Thursday, December 10. been seduced and entrapped. But why 1 Appeals.) Lord Redesdale mentioned, had not a late wholesale offender, the that it would be of great importance to person who offered 27,000 guineas to the the public service to have a speedy deright hon. the Chancellor of the Exche- cision on an Appeal now before the House, quer, and who could not be ignorant of relative to encroachments in Portsmouth the provisions of the act, why had he not Harbour, and suggested the expediency of been brought to justice? It might be hearing it on an early day after the reeven said, that the right hon. the Chan cess. cellor of the Exchequer neglected his duty The Lord Chancellor said, he had no obto the public (for gold was much wanted jection to take this Appeal out of its for the public service) in not accepting of course, provided it could be done withthe offer; for be had it in his power to out injustice to the other suitors before the pay for the sum in country bank notes, ( House. If the Appeal now alluded to by which means he could have evaded could be heard in the morning, so that it the provisions of the Bill.
might not interfere with the regular course The House then resolved into the Com ot proceeding in regard to other appeals, mittee, and the several clauses were agreed he should be willing to agree to such an
arrangement. It would be felt to be an
indispensible act of justice to the other DUTIES ON Rice.) The House having suitors to make some such an arrangeresolved into a committee upon the Duties ment, when he stated, that of the 270 on Rice,
Appeals and Writs of Error now on the The Chancellor of the Exchequer stated table, the last of them, according to the his object to be the proposition of a tax mode of hearing hitherto acted upon,
could not be decided for eleven years he would not have suffered the measure from this time.
to have gone on to its ultimate stage, had Lord Redesdale had no objection to agree he not been thoroughly convinced of its to this arrangement. It was only the im. absolute necessity, for the assistance of portance of the case to the public service | suitors in that House. that induced him to propose to take it out of its course. His lordship went into the HOUSE OF COMMONS. . 'consideration of the Bill recently passed
Thursday, December 10. by the House and sent down to the Com Tregony ELECTION~Petition of Me. mons, for the appointment of a Vice-Chan- | O'CALLAGAN AND Mr. Thornhill.) A cellor, observing, that either that measure | Petition of James O’Callagan and Thomas must be carried, or the House must aban. | Thornbill esquires, was delivered in and don its appellate jurisdiction. Which was read; setting forth, the more constitutional course, it needed | “That at the last election for the borough no argument to point out. The greatest of Tregony, Alex. Cray Grant, and Wilgrievances and hardships to parties arose liam Holmes, esquires, and the petitioners from the delay in hearing appeals in that James O‘Callagan, and Thomas Thornhill House, and the only effectual remedy he esquires, were candidates ; and that the conceived to be, to give assistance to the mayor of the said borough is the proper Lord Chancellor in the Court of Chancery, returning officer; and that John Hearle, in order to enable that noble and learned at the time of the said election, was mayor; lord to sit in the House of Lords, at times and that the said W. Holmes and A. C. when at present he was required to sit in Grant, by themselves, and each of them the Court of Chancery. It was also of by himself, and by his and their agents, importance that some measure should be &c. did make presents, gifts, rewards, and adopted to compel the attendance of peers, entertainment, and promises, agreements, during the mornings for three or four days obligations, and engagements to give and in the week, in order to the hearing and allow money, meat, drink, provision, predeciding upon appeals with a due regard sents, rewards, advantages, and entertainto the functions of the House, and the ment to and for several persons so having interests of suitors. His lordship moved or claiming right to vote in the said eleco that the Appeal in question should be tion, and to and for the use, advantage, taken into consideration on the first day benefit, and profit of such persons so havafter the recess.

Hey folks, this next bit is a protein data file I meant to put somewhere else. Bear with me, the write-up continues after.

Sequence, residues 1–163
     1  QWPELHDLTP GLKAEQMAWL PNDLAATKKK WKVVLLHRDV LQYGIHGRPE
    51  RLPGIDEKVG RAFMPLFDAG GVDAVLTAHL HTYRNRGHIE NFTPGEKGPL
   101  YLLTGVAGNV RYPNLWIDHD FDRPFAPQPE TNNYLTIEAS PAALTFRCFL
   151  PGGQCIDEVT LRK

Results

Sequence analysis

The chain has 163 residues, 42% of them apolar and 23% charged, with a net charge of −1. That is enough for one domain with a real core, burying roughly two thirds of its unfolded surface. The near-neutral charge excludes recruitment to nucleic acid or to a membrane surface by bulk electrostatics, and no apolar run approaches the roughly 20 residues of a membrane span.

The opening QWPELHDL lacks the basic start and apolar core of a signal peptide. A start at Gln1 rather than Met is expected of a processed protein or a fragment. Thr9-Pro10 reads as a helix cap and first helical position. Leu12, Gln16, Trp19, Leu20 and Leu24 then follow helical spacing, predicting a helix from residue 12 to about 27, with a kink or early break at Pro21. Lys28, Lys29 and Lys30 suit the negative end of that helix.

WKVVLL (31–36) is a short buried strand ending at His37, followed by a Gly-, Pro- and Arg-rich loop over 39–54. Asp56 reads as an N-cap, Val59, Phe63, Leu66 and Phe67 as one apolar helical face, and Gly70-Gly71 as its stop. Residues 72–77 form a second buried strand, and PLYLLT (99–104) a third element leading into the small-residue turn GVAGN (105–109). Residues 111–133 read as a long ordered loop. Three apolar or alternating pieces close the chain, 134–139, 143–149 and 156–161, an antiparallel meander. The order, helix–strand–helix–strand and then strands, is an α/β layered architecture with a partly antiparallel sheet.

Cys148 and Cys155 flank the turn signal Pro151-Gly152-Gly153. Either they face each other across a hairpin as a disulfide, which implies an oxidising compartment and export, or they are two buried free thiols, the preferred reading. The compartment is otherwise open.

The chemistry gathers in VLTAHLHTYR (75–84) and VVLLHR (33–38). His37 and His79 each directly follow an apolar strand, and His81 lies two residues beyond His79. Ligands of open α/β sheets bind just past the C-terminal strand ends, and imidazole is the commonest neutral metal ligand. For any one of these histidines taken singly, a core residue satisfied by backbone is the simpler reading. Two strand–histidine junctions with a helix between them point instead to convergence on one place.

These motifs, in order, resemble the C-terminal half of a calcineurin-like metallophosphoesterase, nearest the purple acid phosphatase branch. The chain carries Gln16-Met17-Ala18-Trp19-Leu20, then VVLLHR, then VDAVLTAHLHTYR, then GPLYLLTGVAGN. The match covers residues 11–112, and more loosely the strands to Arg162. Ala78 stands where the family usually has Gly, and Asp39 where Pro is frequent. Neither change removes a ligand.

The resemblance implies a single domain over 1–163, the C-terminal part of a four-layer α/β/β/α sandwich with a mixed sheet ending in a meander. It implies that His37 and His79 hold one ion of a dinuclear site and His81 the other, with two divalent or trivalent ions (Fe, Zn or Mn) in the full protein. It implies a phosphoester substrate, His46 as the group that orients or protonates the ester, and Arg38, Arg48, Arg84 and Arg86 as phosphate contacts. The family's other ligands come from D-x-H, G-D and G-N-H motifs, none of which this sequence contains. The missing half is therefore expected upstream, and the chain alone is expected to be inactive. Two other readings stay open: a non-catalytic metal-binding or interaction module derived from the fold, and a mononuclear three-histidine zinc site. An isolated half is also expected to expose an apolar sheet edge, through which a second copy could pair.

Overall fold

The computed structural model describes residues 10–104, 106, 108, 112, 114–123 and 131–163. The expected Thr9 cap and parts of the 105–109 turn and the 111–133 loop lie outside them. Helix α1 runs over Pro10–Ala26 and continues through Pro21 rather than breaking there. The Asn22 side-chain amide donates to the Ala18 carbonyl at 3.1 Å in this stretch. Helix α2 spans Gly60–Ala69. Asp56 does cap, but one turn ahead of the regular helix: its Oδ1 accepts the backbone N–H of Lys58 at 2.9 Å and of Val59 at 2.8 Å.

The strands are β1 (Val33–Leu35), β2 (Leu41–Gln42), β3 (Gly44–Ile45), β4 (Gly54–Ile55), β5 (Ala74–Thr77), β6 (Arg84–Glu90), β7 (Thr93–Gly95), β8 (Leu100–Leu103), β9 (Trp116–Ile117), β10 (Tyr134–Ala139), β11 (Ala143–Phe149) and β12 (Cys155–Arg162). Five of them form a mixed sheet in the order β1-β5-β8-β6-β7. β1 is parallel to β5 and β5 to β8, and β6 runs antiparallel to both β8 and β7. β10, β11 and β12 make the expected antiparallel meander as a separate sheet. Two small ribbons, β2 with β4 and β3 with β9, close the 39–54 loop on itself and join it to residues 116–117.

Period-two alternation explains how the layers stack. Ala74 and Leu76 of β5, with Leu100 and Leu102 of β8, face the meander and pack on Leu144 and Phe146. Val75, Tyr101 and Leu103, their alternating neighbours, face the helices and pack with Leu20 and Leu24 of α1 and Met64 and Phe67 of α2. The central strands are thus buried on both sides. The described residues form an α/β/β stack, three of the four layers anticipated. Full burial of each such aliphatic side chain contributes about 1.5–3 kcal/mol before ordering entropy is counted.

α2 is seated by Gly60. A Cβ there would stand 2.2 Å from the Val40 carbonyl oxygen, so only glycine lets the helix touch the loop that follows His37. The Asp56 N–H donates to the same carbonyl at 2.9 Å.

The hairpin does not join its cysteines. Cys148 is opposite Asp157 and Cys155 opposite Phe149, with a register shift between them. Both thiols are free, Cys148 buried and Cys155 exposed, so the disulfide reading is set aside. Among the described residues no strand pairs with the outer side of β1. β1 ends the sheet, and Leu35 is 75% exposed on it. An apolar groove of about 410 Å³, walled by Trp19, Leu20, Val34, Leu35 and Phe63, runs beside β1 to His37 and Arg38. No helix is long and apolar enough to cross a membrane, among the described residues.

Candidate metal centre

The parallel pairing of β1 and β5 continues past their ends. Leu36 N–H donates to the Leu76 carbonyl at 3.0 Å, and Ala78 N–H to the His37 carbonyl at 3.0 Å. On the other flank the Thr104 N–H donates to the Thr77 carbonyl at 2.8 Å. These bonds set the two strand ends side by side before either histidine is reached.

| ing or claiming right to vote in the said Viscount Melville urged the great im election, in order to be, and procure themportance of deciding upon this Appeal as selves the said W. Holmes and A. C. speedily as possible, as it involved in a | Grant to be elected contrary to and in great degree the existence of Portsmouth contempt of the provision of the act of harbour.
7th William the third, and the standing The Lord Chancellor was perfectly order of the House, whereby the said W. aware of the importance of the case to the Holmes and A. C. Grant were disabled public service, and was anxious that some and incapacitated to serve for the said arrangement might be adopted with a borough, and the election and return of view to its speedy decision. He pro- | them are wholly null and void ; and that the posed, therefore, that the hearing should said W. Holmes and A. C. Grant, contrary commence on the first day after next to and in defiance of the act of the 49th term, at ten o'clock in the morning, and of his present Majesty, in despite of the that the Lords should be summoned during salutary provision therein contained, did, each day of its progress. As to himself, after the passing the said act, and prewhether in or out of office, he would cer vious to the said election, by themselves, tainly attend. With regard to the Bill and each of them by himself, or some for the appointment of a Vice-Chancellor, person or persons for or on their or his he had cautiously abstained from saying behalf, give, or cause to be given, or proany thing upon it, being satisfied, that mise or agree to give, a considerable sum although it must be admitted that the Bill of money, gift or reward, to some person had reference only to a Chancellor, and or persons, upon an engagement, contract, not to the Chancellor, still that what fell or agreement, that such last-mentioned from him upon the subject, would be re. person or persons should, by himself or ceived with a certain degree of prejudice. ihemselves, or by others at his or their He would, however, say this much, that solicitation, request or command, procure